Moreover, the muscles in the upper posterior part of the torso – the Rhomboids and the Trapezius - were lengthened and softened. Many times these muscles have a high tonus, cause inconvenience in the area and render difficult free movements in the arm and shoulder blade. Consequently, it is important to soften them and learn to connect their condition to the ability of the arm to move.
The lesson includes many exercises designed for the shoulder joint – rotations at various height positions of the arm and all the abduction ranges. Important characteristics of the shoulder joint were studied and treated as well as the correct relations between the arm and shoulder movement planes and the chest positions.
The chest and all its joints was softened and made very flexible as a result of the movements. Thus, flattening the back without kyphosis, did not require extensive force.
Furthermore, the back muscles also worked, facilitating the arm movements and improving their ability to straighten the torso in general and the kyphotic area in particular.
The lumbal area was protected throughout the lesson by the abdominal muscles. It was lengthened in the back and so did the cervical area. Moreover, lengthening these two lordoses, combined with the softening of the chest and the work of the back, helped to straighten the thoracal area.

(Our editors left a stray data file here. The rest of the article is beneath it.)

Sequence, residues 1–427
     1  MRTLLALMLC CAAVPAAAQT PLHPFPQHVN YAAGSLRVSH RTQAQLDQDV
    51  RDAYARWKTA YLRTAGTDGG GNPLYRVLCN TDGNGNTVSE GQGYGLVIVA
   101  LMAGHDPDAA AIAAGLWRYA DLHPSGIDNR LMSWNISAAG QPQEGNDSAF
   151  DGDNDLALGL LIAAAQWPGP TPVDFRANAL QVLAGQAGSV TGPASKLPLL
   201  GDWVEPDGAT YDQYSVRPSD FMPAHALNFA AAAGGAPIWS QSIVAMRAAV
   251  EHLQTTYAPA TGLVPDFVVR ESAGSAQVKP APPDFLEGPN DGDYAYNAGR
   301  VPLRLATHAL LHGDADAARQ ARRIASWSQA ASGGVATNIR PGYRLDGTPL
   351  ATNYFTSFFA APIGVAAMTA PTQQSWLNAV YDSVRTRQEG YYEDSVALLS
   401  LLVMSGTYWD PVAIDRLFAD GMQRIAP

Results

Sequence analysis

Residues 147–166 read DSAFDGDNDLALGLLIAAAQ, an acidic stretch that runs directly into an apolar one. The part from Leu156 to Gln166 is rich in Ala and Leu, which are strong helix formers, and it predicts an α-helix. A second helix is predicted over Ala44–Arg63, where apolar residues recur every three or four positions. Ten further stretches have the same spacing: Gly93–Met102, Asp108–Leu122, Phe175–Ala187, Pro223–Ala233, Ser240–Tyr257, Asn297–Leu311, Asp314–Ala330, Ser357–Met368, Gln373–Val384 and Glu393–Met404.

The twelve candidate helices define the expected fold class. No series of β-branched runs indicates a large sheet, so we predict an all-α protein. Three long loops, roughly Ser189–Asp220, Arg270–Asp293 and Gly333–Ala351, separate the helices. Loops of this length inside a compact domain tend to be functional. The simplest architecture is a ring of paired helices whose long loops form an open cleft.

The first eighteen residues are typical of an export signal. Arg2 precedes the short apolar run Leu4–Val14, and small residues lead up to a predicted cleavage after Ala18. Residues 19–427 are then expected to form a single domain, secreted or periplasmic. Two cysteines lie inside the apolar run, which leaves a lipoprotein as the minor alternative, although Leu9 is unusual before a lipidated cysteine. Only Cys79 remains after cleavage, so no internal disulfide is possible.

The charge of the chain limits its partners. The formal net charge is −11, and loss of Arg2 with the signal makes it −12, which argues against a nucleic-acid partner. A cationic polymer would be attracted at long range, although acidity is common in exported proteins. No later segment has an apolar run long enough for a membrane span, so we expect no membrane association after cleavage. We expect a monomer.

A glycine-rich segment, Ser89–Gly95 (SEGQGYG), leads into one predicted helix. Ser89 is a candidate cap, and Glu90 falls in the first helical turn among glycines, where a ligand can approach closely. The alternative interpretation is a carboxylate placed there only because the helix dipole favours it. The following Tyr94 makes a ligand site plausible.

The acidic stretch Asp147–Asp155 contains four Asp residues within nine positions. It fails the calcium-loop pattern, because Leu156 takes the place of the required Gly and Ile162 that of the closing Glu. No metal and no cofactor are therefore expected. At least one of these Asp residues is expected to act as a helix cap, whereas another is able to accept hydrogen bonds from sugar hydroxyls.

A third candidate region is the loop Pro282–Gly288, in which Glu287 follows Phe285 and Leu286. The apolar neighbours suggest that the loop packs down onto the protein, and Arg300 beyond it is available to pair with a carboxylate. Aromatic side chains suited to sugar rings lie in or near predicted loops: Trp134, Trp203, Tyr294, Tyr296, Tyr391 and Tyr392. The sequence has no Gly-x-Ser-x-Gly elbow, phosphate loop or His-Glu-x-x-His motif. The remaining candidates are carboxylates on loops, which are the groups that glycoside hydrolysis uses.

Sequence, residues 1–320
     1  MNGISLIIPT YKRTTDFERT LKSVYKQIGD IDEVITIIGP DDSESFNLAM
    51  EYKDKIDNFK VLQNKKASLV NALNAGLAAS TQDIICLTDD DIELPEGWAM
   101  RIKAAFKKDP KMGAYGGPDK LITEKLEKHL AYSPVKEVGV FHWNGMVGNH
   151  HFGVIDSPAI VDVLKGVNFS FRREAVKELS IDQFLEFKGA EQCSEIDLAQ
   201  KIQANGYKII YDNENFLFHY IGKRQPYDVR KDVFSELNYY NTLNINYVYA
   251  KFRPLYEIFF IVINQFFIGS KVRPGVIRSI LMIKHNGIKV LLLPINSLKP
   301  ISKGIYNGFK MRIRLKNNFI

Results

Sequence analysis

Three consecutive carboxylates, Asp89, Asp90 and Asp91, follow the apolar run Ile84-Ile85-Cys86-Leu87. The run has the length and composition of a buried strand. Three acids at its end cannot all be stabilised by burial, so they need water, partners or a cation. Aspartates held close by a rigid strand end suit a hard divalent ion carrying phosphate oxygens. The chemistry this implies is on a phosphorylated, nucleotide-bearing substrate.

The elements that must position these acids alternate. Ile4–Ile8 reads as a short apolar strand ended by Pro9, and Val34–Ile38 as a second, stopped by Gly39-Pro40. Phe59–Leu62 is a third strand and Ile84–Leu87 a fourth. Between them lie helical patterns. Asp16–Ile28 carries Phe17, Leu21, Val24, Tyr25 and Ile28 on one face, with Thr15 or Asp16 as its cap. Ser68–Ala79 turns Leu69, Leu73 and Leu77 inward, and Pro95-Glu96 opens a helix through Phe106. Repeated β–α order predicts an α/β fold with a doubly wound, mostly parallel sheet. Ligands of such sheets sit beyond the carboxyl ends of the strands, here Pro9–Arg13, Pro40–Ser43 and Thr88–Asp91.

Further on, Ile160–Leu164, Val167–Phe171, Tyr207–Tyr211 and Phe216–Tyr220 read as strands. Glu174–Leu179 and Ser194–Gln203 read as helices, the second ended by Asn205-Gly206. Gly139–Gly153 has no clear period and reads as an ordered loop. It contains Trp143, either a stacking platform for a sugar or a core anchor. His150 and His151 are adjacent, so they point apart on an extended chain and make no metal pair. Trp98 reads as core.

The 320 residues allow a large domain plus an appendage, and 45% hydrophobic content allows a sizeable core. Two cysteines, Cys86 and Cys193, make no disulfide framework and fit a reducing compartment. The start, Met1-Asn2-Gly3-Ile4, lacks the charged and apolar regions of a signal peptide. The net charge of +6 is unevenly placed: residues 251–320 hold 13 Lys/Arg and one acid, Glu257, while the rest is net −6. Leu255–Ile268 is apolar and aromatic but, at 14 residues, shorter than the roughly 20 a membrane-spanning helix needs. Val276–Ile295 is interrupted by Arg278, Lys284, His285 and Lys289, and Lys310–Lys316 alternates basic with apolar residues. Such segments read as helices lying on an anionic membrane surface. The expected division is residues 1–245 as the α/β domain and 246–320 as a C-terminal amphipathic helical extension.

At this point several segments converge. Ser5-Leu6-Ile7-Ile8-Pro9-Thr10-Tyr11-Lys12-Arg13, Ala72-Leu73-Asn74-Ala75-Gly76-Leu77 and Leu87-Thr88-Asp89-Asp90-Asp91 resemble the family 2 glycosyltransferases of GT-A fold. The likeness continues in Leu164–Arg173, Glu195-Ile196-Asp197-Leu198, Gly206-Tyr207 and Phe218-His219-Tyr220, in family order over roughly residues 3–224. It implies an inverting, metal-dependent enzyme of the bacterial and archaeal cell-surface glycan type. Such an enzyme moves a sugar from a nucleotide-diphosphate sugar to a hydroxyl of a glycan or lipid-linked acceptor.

Following prolonged work with the arms, students know better now how to relax them in a standing position while, simultaneously, hold the shoulder blades in their place through a correct supervision of the muscles. It is not easy to maintain a position whereby the muscles located in adjacent areas are in a contrasting position: on the one hand the arms are hanging passively (out of the shoulder blades) and on the other the shoulder blades are fixated in their place and serve as an appropriate anchor for the arms. Relaxing the arms and isolating their movements from the shoulder blades lead to a maximum relaxation of the upper fibers of the Upper Trapezium, which constantly suffers unnecessary pains due to its constant work.
Exercise 1, which is repeated several times in the course of the lesson, illustrates how to relieve daily stress accumulated in various areas of the back.
Thus, at the end of the lesson students are able to stand more erect with less effort – this is the sensation of the final achievement, although, as mentioned, the achievements are numerous and varied, both in the awareness and in the practice necessary for the body parts.